Beyond The Will

Spring Cleanout – What Happens to Your Personal Property When You Die?

April 23, 2024


When someone passes away, their family members are often left responsible for handling the decedent’s property – both real and intangible. Many difficulties come with handling the decedent’s intangible property, such as bank accounts, retirement accounts, and life insurance policies. However, many families do not realize the intricacies of handling a loved one’s real and personal property, such as cars, clothing, jewelry, art collections, etc. This article will shed some light on the cleanout in the aftermath of losing a loved one.

Who Receives the Personal Property?

The natural first question many people ask when someone passes is: who receives their property? The answer can vary greatly depending on whether the individual has an estate plan. If the individual does not have an estate plan (such as a Will or Trust), the property passes according to the laws of the state they lived in, also known as “intestacy.” The intestacy laws vary slightly from state to state, but most states require that the individual’s spouse and children will receive their property. If the individual did not have a surviving spouse or children, the laws often dictate that their property would pass to their closest living relative as determined by a genealogical chart.

If the individual had an estate plan, such as a Last Will and Testament or a Trust, then their property will be distributed in accordance with their estate plan. Regarding personal property, many states allow a separate “written statement” to distribute specific items of personal property. The separate statement allows you to itemize a list of personal property to be distributed to specific individuals.

In Massachusetts, a written statement regarding personal property takes priority over any contradictory language in a Will. For example, if your Will leaves your diamond ring to your spouse, but your written statement leaves your diamond ring to your daughter, the diamond ring would be distributed to your daughter.

Separate written statements are helpful tools in estate planning because they can be easily changed without changing your Will. They do not need to be executed with the same formal requirements as Wills and Trusts (i.e., in front of a notary and/or witnesses).

Who is Responsible for My Personal Property Upon My Death?

Your Personal Representative oversees the administration of your estate, files probate documents and estate tax returns, pays off debts, and distributes your assets to your named beneficiaries. Generally, since the terms of your Will govern personal property, the Personal Representative of your estate is responsible for collecting and distributing your personal property upon your death. The Personal Representative will typically oversee the division of the personal property between the beneficiaries (for example, between children of the decedent) and will also be responsible for selling or donating any property the that the beneficiaries do not want to keep.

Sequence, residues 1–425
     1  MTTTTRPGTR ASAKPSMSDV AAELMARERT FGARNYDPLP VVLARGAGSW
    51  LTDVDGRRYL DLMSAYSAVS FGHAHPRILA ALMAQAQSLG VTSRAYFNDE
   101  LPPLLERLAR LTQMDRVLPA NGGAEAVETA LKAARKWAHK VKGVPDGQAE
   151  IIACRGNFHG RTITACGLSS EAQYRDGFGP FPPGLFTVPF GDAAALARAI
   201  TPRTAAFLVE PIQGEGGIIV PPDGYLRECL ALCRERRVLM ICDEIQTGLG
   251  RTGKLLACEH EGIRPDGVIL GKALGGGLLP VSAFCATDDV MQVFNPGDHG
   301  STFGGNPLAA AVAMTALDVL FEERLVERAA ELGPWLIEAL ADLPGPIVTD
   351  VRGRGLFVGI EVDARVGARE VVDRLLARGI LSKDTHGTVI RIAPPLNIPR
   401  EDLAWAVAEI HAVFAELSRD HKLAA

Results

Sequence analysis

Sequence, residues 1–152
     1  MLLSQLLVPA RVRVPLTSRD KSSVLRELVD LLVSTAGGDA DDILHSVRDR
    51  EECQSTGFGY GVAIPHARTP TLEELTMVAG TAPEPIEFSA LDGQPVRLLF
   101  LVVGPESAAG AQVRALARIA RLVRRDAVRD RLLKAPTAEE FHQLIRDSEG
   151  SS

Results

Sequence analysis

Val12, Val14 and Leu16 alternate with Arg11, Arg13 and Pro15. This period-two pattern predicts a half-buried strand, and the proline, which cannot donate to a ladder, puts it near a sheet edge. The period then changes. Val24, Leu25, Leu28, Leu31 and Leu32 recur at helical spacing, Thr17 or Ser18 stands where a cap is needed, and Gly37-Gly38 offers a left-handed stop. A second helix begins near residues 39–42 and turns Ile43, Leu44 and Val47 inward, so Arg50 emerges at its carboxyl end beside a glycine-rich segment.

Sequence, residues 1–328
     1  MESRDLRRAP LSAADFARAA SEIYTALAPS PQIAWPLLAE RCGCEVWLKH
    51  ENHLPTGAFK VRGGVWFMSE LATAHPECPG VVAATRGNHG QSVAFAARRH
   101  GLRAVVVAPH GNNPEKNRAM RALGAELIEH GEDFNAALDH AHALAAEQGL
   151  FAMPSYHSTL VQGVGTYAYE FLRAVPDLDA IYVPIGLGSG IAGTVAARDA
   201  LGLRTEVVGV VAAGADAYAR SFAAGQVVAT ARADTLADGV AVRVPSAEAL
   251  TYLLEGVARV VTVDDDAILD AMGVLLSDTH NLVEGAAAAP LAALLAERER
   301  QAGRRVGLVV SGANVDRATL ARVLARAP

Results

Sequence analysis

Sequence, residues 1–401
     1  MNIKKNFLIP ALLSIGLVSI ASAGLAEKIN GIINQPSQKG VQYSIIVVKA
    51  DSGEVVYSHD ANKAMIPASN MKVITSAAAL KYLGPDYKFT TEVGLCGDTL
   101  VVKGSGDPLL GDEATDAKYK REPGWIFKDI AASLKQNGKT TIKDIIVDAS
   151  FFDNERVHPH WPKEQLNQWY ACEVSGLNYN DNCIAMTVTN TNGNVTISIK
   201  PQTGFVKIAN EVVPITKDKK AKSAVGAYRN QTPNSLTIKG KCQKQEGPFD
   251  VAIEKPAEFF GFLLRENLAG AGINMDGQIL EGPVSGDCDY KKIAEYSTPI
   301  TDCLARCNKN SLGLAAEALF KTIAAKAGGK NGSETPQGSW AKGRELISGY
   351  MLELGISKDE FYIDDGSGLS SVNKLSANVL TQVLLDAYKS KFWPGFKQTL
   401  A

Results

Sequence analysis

What Qualifies as “Personal Property”?

In general, personal property is essentially everything you would reasonably find in an individual’s home, plus vehicles, including cars, boats, motorcycles, etc. By definition, it means any property “not firmly attached to lang or buildings.” It does not include any cash, accounts, digital assets, or other intangible property.

Pets and livestock are also included in the definition of “personal property.” Please see my article regarding estate planning for our furry friends to read more! (Estate Planning for Your Furry Friends – Pet Trusts Explained – Burns & Levinson)

Logistics of Titled Property and Valuable Collections

For titled property, such as cars, boats, and other motorized vehicles, the Personal Representative may need to complete forms with the appropriate Registry of Motor Vehicles. The Personal Representative is also responsible for maintaining active insurance policies on any titled property.

For valuable collections, such as artwork, coins, jewelry, etc., the Personal Representative is responsible for safekeeping and storing the property correctly. Depending on the terms of the Will and whether an estate tax return is needed, the property may also need to be appraised before being distributed.

Some items of personal property, even though their economic value may be minimal, often hold significant sentimental and emotional value. You should strongly consider meeting with an estate planning attorney to ensure that your most treasured belongings pass to your family members according to your wishes.

receive news & alerts

Yes, I’d like to receive updates with firm news and insights that are relevant to me.